With just twelve sales, the A330-800 can hardly be regarded as a commercial success so far. It isn’t something Stan Shparberg is concerned about, as he thinks the time for this aircraft will come: “The reason we haven’t seen as many orders is that the replacement wave for the A330-200 has not begun quite yet. We are seeing that come very, very soon but it has been delayed somewhat by the Covid crisis. The A330-800 is a great opportunity for single-aisle operators to get into the widebody market. That’s what we are seeing in the market, with people really upgauge and going into the widebody market.”

Order influx coming

CCO Christian Scherer said recently that he sees a flux of widebody orders coming. Shparberg agrees: “I think the demand that we are seeing for widebody travel and widebody aircraft is clearly something that is geared across the globe. We see very, very strong demand and the capacity is not there. We also have an opportunity, with the competitor product being delayed. So we definitely see ourselves coming to a point when we need to review our production rates and increase those, where Florent and the team are working on, to make sure we achieve that demand.”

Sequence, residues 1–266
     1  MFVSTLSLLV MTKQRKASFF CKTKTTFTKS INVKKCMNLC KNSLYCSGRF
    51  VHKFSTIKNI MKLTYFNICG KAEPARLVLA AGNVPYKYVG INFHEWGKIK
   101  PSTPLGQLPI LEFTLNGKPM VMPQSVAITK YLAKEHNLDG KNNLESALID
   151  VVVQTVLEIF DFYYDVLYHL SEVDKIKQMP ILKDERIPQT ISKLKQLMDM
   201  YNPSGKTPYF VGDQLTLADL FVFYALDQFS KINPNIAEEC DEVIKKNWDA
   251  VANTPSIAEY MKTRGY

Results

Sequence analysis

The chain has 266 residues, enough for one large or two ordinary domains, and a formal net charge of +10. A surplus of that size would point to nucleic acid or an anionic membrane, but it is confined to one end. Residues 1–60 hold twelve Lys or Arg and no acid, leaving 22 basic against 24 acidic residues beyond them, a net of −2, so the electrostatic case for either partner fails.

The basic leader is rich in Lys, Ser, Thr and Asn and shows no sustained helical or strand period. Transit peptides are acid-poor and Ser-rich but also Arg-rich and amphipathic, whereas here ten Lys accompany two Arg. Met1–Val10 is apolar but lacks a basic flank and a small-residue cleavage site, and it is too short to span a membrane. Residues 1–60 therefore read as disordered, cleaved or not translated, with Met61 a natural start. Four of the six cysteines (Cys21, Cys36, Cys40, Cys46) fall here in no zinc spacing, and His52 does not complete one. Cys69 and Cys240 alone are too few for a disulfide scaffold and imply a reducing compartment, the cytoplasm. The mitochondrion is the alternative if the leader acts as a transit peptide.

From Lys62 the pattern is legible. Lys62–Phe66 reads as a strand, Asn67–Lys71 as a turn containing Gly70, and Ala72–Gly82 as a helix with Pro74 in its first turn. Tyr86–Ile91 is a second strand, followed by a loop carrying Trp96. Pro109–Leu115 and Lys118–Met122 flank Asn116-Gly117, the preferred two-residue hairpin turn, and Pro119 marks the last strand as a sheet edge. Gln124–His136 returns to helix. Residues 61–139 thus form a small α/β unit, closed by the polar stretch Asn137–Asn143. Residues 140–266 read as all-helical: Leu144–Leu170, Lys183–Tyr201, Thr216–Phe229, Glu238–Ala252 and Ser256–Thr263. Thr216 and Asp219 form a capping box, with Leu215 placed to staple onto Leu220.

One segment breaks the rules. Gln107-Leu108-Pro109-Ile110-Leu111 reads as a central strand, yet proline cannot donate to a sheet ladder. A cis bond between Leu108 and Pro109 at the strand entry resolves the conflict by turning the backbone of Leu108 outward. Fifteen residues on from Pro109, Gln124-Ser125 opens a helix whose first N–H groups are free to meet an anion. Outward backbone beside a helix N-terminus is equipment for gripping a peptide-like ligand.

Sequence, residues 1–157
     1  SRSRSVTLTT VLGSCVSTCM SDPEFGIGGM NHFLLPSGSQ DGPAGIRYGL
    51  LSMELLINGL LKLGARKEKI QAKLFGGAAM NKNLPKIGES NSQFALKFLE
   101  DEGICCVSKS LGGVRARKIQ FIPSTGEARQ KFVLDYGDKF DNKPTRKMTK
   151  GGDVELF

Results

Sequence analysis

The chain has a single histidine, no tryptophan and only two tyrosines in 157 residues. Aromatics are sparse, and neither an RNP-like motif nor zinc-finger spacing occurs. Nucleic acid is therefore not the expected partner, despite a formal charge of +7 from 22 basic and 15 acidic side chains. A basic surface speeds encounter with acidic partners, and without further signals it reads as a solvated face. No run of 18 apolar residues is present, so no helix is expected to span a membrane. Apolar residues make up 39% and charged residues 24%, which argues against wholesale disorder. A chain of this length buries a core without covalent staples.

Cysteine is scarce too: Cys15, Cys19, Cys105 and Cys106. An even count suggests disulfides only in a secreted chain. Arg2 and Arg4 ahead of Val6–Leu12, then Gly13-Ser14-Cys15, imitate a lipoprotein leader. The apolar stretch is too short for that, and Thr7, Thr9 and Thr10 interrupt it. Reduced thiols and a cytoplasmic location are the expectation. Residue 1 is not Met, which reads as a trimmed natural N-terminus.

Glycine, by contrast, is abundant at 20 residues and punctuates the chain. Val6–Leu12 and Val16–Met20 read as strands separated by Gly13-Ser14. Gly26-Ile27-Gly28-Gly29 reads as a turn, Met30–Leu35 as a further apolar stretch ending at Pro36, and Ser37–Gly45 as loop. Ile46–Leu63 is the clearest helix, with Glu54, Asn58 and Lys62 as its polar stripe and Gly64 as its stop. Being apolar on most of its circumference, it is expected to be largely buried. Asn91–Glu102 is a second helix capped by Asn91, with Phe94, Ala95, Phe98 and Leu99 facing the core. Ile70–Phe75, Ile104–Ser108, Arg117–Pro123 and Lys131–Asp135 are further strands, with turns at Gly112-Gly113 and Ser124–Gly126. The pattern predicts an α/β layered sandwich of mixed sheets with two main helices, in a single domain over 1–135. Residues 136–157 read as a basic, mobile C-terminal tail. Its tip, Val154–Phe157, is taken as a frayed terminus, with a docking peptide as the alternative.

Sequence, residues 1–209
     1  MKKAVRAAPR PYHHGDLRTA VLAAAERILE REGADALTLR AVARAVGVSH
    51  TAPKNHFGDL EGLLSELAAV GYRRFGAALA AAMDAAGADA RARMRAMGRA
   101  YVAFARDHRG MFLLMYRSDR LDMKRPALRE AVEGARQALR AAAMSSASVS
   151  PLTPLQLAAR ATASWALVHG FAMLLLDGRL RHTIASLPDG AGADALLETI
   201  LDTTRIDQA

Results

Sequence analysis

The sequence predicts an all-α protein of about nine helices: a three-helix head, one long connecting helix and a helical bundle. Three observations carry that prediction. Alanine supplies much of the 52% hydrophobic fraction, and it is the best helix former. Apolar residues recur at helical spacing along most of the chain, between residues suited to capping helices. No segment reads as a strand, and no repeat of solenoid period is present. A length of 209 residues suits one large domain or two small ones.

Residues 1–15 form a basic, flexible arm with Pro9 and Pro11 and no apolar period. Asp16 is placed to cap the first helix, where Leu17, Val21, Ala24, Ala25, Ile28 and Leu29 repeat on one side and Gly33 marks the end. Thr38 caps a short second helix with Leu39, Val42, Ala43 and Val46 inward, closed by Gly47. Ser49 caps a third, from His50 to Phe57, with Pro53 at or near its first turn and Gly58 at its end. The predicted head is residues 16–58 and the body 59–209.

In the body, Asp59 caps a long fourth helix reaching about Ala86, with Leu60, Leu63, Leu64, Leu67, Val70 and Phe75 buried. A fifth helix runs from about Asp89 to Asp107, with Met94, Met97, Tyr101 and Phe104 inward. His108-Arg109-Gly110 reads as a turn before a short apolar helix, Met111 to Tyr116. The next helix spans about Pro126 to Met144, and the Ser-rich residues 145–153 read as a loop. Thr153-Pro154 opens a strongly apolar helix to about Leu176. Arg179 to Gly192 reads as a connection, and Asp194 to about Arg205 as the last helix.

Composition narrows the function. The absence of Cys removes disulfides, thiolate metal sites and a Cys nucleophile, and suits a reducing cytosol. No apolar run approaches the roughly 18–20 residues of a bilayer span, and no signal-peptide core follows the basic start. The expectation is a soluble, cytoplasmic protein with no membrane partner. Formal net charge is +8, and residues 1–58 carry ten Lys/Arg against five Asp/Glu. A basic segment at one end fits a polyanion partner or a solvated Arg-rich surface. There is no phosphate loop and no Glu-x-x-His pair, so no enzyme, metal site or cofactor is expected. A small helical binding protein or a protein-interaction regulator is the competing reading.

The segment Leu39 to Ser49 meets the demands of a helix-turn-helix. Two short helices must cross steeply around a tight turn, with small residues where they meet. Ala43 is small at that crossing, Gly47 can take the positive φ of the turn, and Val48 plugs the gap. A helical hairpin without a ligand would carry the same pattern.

The current plan is to ramp up the production of the A350 from six to nine per month by the end of 2025 and that of the A330 from three to four per month in 2024.   

author avatar
Richard Schuurman
Active as a journalist since 1987, with a background in newspapers, magazines, and a regional news station, Richard has been covering commercial aviation on a freelance basis since late 2016. Richard is contributing to AirInsight since December 2018. He also writes for Airliner World, Aviation News, Piloot & Vliegtuig, and Luchtvaartnieuws Magazine. Twitter: @rschuur_aero.

1 thought on “Airbus has no appetite to further stretch the A350

  1. It think a A350-1000 stretch is in the long term planning. Just not required, needed for years.

    The current offering, backlog seems ok. Disturbing, complicating it with a new version doesn’t have much advantages.

    New RR engines, aging fleets will bring it up again in the future.

    Airbus sales probably sees the troubled 777-9 development as a gif that keeps giving.. Wait what EK has to say next week.